System Design and Instrument Development for the Osiris-3u Cubesat Mission

Open Access
Kummer, Allen Theodore
Graduate Program:
Electrical Engineering
Master of Science
Document Type:
Master Thesis
Date of Defense:
May 29, 2012
Committee Members:
  • Sven G Bilen, Thesis Advisor
  • CubeSat
  • SSPL
  • space weather
  • ionosphere heater
  • Arecibo
  • Langmuir probe
  • Plasma Frequency Probe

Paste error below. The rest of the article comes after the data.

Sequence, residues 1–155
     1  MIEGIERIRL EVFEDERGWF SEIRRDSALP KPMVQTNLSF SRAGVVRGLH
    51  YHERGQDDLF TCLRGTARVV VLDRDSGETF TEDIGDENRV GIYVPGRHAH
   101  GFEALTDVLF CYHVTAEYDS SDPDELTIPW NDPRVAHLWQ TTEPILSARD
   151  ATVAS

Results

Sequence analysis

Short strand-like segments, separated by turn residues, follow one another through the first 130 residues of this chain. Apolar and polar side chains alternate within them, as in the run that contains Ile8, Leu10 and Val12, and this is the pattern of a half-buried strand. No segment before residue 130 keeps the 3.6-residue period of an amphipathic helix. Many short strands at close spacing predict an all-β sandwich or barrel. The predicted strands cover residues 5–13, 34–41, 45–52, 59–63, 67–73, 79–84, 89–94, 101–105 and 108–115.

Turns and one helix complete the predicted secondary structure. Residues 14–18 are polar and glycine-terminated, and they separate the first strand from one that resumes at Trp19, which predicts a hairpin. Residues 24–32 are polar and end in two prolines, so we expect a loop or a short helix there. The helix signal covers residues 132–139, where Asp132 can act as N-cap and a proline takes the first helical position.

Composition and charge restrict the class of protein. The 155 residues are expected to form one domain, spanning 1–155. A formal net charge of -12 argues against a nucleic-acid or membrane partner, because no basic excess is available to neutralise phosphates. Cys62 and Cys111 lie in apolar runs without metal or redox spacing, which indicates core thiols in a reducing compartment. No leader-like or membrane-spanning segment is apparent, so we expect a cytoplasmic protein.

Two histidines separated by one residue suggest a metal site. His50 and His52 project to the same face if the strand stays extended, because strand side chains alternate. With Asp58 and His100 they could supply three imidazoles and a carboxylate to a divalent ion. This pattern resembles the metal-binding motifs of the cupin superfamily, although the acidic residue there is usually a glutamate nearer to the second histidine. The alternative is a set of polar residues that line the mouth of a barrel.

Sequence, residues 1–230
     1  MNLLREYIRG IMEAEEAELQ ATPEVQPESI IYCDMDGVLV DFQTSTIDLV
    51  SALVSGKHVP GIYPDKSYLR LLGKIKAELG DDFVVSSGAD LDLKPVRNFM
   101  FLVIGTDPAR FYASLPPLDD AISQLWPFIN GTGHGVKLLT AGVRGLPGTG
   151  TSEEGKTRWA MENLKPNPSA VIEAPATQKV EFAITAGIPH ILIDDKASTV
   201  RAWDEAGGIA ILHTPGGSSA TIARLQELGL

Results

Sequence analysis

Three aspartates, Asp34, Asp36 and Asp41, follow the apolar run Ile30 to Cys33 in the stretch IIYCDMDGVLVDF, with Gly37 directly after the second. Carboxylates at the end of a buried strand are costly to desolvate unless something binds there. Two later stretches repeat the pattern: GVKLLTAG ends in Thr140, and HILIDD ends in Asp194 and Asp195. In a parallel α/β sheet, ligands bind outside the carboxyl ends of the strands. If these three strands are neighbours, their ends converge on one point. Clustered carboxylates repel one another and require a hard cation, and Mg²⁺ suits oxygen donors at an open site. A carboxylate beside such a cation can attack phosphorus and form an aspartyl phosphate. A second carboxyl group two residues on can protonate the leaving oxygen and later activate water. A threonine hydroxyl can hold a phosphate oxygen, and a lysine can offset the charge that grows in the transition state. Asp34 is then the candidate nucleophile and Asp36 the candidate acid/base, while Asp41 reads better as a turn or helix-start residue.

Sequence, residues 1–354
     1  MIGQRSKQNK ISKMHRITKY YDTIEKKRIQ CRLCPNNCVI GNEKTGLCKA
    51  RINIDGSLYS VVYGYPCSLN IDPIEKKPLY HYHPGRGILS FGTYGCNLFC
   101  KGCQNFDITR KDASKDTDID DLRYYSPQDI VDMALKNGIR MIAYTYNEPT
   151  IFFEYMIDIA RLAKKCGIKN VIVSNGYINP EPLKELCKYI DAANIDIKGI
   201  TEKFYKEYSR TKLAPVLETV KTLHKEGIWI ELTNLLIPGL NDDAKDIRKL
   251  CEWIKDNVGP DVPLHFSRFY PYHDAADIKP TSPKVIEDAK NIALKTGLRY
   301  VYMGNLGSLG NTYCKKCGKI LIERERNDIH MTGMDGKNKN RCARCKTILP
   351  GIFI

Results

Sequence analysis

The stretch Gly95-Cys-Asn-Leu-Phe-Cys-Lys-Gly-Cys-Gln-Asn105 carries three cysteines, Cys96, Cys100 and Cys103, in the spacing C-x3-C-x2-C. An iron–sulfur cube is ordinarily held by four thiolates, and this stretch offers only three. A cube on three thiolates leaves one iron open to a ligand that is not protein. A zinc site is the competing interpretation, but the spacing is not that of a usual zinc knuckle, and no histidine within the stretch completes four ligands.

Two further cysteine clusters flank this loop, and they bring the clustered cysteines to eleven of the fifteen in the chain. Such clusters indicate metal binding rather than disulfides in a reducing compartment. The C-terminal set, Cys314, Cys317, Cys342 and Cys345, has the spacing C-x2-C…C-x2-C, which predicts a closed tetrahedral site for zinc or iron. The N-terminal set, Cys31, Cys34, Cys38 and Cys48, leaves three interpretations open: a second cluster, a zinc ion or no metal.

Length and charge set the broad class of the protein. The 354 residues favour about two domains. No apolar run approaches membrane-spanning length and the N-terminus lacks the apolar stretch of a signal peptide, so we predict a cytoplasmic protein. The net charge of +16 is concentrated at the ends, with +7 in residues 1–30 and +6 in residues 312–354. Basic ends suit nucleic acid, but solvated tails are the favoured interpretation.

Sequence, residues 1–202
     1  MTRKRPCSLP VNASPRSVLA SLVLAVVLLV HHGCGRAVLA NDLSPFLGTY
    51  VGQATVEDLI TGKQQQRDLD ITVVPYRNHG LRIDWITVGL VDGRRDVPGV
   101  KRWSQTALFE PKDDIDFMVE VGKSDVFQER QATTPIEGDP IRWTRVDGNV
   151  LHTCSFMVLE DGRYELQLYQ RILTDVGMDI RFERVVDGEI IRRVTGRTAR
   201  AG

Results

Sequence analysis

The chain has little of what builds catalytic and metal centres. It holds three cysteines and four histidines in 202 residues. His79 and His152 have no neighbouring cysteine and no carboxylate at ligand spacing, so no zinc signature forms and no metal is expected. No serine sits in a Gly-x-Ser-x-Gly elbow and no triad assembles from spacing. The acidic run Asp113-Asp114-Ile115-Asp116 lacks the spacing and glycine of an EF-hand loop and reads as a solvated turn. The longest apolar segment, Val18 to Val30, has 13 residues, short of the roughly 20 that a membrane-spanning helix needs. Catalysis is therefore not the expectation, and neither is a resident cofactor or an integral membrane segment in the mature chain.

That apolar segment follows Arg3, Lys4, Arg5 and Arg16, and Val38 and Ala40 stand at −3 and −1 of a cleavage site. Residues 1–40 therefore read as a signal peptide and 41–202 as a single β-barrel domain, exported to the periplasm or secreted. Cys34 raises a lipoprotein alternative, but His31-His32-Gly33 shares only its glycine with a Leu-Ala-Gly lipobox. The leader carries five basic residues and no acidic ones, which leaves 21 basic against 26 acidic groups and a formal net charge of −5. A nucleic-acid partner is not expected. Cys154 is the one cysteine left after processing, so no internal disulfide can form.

Cube satellites (CubeSats) have increased in popularity in recent years as a tool for space research and education. Students and faculty at Penn State's Student Space Programs Laboratory (SSPL) have been developing the Orbital Satellite to Investigate the Response of the Ionosphere to Stimulation and Space weather (OSIRIS-3U) CubeSat. By measuring the spatial and temporal response of the ionosphere using in situ and remote sensing instruments, OSIRIS-3U will help answer questions on plasma transport in the stimulated ionosphere. This work focuses on the mission development and incremental development of a science instrument for OSIRIS-3U. Mission development is a balance between system capabilities and desired measurements to meet the mission objectives. Building a system model is key to understanding system sensitivity to tradeoffs of operational time to power usage, and numbers of orbits through a science region to generated data volume. A Monte Carlo simulation of the OSIRIS-3U mission in AGI's Satellite Tool Kit (STK) provides the data points to observe and analyze system sensitivities using the Applied Research Laboratory's Trade Space Visualizer (ATSV) tool. This understanding is required to develop a clear set of requirements to guide future system development and implementation. The OSIRIS-3U system carries three primary instruments to address the science question including a Langmuir probe (LP) developed at Penn State, a UHF beacon developed by the Naval Research Laboratory, and an occultation instrument developed by The Aerospace Corporation. Previous work has been done at Penn State to develop another instrument that combines the LP with a plasma impedance probe (PIP), providing increased mission flexibility in small volumes such as on CubeSats. The present work incrementally builds on previous work at Penn State by building, calibrating, and testing the PIP and comparing the results with a network analyzer and laying a path for future development.